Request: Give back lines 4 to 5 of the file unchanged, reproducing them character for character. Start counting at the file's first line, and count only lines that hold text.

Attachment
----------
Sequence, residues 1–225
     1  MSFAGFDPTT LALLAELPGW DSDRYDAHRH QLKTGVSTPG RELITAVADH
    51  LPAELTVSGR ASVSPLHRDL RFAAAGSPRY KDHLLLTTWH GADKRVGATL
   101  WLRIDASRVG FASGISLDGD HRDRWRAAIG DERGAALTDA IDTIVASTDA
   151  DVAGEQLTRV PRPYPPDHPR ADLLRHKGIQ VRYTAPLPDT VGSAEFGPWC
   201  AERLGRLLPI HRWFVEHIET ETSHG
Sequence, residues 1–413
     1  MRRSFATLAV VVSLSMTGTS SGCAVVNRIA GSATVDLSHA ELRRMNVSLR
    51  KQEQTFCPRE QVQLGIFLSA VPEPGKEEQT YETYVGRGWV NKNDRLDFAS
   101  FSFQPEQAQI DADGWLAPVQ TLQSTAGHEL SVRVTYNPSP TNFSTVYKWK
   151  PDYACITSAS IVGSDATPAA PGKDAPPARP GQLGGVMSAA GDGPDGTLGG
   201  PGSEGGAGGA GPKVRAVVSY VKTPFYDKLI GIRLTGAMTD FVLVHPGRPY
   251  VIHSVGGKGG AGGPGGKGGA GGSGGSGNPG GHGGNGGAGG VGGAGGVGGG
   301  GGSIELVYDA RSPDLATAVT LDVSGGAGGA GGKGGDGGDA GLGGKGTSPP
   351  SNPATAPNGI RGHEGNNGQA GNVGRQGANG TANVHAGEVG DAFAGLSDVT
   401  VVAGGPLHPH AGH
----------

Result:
   101  WLRIDASRVG FASGISLDGD HRDRWRAAIG DERGAALTDA IDTIVASTDA
   151  DVAGEQLTRV PRPYPPDHPR ADLLRHKGIQ VRYTAPLPDT VGSAEFGPWC